“Barcelona were predictable but they won" was Maurizio Sarri's defence when recently quizzed on why he never makes changes to his starting line-up.
Unfortunately for him, though, Chelsea are no longer winning under the Italian coach, and are now out of the FA Cup following a 2-0 defeat at home to Manchester United, just over a week after dropping out of the Premier League's top four after a humiliating 6-0 loss at Manchester City.
Sarri needs time to implement his nuanced style of football, of course, but patience is now in short supply at Stamford Bridge, because, unlike fellow philosopher Pep Guardiola during a difficult first season at the Etihad, the former Napoli boss can't point to past glories to reassure the sceptics.
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Indeed, after boos at half-time, with Chelsea already two goals down, chants of "F*** Sarriball!" were ringing out from the Matthew Harding End before the full-time whistle had even blown.
The fans also demanded to see Callum Hudson-Odoi come on but Sarri stubbornly ignored them.
His substitutions were instead characteristically predictable as Willian and Ross Barkley came on for Pedro and Mateo Kovacic, respectively.
Neither man made an impact as Chelsea failed dismally to trouble a team that had arrived in west London on the back of a chastening Champions League loss at home to Paris Saint-Germain, and without two key players, in Anthony Martial and Jesse Lingard.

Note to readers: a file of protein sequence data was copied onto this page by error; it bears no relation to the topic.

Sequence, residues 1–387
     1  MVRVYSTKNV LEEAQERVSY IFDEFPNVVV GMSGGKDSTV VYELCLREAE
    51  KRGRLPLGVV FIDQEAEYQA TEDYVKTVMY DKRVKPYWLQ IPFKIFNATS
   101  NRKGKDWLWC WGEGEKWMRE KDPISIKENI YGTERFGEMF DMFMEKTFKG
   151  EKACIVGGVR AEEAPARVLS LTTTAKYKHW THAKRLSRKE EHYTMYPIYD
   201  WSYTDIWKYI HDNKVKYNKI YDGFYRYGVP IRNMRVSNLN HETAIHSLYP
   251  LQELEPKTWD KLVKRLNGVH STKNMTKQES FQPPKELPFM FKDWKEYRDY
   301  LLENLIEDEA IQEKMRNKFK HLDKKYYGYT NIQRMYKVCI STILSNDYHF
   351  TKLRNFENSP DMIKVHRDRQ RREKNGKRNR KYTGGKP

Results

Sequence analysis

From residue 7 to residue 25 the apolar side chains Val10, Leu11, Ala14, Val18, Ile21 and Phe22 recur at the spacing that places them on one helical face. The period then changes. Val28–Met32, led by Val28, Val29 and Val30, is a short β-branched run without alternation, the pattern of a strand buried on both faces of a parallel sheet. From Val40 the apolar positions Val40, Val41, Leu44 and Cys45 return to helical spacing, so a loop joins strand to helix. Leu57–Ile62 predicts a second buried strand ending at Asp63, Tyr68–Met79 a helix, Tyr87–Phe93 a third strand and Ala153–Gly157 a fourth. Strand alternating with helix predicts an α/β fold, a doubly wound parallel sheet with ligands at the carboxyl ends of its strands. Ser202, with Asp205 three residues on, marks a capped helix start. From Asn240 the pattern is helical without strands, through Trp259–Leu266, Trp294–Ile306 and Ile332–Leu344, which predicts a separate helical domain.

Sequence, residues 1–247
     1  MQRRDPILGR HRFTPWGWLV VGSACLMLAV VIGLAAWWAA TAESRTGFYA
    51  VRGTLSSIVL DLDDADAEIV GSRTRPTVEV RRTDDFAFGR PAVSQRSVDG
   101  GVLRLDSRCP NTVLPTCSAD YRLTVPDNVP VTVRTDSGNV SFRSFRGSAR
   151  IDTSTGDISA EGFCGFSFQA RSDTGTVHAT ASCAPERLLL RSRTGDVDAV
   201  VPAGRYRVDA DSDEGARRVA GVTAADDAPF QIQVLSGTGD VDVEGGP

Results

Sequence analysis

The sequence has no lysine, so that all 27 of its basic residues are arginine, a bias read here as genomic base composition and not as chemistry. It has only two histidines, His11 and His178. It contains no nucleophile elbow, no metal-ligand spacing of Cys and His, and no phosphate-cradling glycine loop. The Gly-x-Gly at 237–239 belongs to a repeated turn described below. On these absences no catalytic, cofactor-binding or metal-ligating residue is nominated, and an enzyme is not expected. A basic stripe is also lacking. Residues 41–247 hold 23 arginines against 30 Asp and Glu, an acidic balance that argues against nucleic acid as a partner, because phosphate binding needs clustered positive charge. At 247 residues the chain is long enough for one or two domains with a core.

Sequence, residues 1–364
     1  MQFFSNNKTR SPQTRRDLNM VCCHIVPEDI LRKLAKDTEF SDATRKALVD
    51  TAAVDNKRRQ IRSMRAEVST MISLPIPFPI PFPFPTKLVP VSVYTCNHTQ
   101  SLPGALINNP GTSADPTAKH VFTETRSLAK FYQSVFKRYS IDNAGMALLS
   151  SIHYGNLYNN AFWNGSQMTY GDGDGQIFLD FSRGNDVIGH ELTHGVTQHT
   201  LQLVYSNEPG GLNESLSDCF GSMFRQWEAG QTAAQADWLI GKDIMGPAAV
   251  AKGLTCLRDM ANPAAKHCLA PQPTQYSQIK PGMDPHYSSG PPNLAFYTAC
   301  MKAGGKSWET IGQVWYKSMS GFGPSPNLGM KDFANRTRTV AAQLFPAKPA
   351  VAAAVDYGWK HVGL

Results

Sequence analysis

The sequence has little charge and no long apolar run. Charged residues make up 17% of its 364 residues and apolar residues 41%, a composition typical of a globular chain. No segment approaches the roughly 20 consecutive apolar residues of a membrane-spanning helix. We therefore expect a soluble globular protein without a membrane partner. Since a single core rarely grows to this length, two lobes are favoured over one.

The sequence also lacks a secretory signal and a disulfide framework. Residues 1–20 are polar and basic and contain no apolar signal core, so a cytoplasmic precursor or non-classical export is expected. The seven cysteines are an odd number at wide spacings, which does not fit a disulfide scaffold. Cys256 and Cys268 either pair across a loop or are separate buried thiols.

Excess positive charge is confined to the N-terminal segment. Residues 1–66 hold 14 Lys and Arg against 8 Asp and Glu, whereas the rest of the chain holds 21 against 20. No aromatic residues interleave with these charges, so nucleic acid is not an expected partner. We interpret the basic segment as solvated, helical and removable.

The visitors simply copied the game plan that Tottenham, Everton, Leicester City and Arsenal have all implemented in recent matches against Chelsea. Juan Mata marked, and thus successfully stifled, Jorginho, just as Gylfi Sigurdsson, Dele Alli and Aaron Ramsey did before him.
Chelsea were targeted and subsequently exposed in the spaces between the centre-back and full-back positions. Ander Herrera and Paul Pogba were the beneficiaries as their runs into the area went untracked by the Blues midfield, allowing both to net before the break.
Man Utd were also repeatedly able to hurt Chelsea thanks to the pace and industry of Marcus Rashford, whose performance evoked memories of similarly effective displays against the Blues from the likes of Pierre-Emerick Aubameyang and Son Heung-min.
It was all just damningly familiar from the home side's perspective.
Sarri has cast himself as a "dreamer", an idealist trying to revolutionise Chelsea's entire approach to the game, but many fans are beyond frustrated with what was supposed to be an exciting style of football but is instead proving slow, boring and, worst of all, unsuccessful.
The players can't be faulted for effort. But, by the end, they looked bewildered, as the fans invested more energy in expressing their displeasure at what they were seeing - again - than trying to spark a comeback.
It's hard to blame them either. They've seen this all before: the same tactics, the same defensive mistakes and the same lack of bite up front. The only difference was that this time it has cost them the FA Cup crown they claimed last season under Antonio Conte.
As the full-time whistle blew, Sarri looked as frustrated as everyone else around him. The sad reality now is that if he doesn't make a change, his employers will.
Sunday's League Cup final against City could well prove a nightmare end to Sarri's Chelsea dream.